So, when the Senate and the House of Representatives agreed to end the earmarking process a few years ago, it certainly appeared to be a positive step in the direction of gaining a little control over wasteful government spending and a move towards bringing a bit of honestly to the process of government.
But what actually happened?
For starters, if you believe we have done away with the concept of earmarking money for special projects back home—thing again. The earmark moratorium has brought forward an even more insidious process called “lettermarking” where Congressional slush funds are created as tools for funding pet projects without even the limited accountability and public information that came with earmarking. While earmarks required publication of a pork project—along with the amount of taxpayer money being spent and identification of the elected official proposing the earmark—lettermarking allows for such expenditures without any identification of the project, sum and sponsoring legislator whatsoever.
Additionally, we now find that when an elected official is unsuccessful in convincing an agency of the executive branch to contribute money to a pet project, that official often turns to blackmailing the agency involved by threatening to cast a vote to deny some Administration objective. This is precisely what occurred when Senator Lindsey Graham (R-S.C.) threatened to block Obama administration appointments unless money was provided for a harbor dredging project in his home state.
But something even more insidious has followed the ban on earmarking—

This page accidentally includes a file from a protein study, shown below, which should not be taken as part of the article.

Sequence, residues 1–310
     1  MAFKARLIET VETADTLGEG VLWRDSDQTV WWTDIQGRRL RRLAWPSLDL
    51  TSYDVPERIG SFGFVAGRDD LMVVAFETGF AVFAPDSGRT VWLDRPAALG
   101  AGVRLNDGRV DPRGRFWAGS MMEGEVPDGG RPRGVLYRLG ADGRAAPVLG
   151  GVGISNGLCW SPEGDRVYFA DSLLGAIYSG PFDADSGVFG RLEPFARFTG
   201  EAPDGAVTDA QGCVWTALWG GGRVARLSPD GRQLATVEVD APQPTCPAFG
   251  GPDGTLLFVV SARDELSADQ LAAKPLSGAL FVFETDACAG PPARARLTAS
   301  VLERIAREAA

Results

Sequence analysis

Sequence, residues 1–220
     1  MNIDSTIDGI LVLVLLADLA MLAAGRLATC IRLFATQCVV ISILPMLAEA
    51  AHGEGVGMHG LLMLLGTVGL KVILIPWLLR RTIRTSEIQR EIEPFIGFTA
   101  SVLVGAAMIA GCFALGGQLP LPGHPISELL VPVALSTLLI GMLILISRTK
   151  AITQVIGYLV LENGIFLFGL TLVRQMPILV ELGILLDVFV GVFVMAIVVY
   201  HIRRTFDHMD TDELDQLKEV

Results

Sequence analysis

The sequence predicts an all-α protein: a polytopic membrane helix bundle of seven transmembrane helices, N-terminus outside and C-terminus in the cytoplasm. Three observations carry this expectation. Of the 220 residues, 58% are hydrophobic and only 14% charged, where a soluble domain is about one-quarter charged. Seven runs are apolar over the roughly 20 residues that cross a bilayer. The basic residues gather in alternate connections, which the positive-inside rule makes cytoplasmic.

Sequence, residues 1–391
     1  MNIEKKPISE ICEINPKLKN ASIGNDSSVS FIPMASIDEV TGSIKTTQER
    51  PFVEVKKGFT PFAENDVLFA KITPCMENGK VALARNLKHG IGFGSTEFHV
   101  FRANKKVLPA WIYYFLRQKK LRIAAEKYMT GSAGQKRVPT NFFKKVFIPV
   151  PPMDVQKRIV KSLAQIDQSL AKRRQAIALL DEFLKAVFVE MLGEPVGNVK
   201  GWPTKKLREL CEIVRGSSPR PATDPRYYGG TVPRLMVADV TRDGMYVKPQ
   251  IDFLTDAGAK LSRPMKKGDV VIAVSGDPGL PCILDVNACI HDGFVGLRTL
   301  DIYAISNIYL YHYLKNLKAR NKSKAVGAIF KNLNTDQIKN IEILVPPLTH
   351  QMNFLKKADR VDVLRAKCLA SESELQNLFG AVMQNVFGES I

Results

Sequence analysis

Without the persuasive powers of the political ‘carrot’, congressional leaders and the President no longer have the ‘stick’ required to move Congress to get anything of significance accomplished.
The moratorium on earmarks went into existence in February 2011. Since that time we have seen some of the greatest legislative fails in the history of the nation, highlighted by the debt ceiling fiasco of 2011, the inability to pass a jobs bill, an ever-increasing vacancy rate in the federal judiciary as one nominee after another is shelved and, of course, the current fiscal cliff clunker that might be the most embarrassing and damaging display of congressional incompetence of all.
One cannot help but wonder if our current inability to legislate our way out of a paper bag might be different were party leaders and the President to, once again, be free to avail themselves of the one thing that could always win the hearts and minds of elected officials who care, first and foremost, for their own jobs—a healthy and legal bribe.
If the fiscal cliff fiasco has taught us anything, it is that our elected officials no longer even pretend to place the needs of the nation ahead of their own—to quote Mel Brooks—phony baloney jobs. Does anyone imagine that it is a coincidence that Speaker John Boehner has disappeared into the background in the final days of the fiscal cliff debate so as to avoid another misstep that might cost him the Speakership? Does anyone doubt that Boehner’s inability to deliver his own caucus’ support for his ill-conceived “Plan B” is the direct result of special interest groups—such as Club For Growth—whose political contributions are the life-blood that flows into the treasure chests of the more extreme elements of Boehner’s GOP caucus and remain the only carrot of any value when it comes to winning the affections of Congressional Members ?
Indeed, the only politician involved in this game of political chicken who appears to have a reason to actually put the public before politics would be the President—not because he is above playing the game, but because he no longer has to run for political office.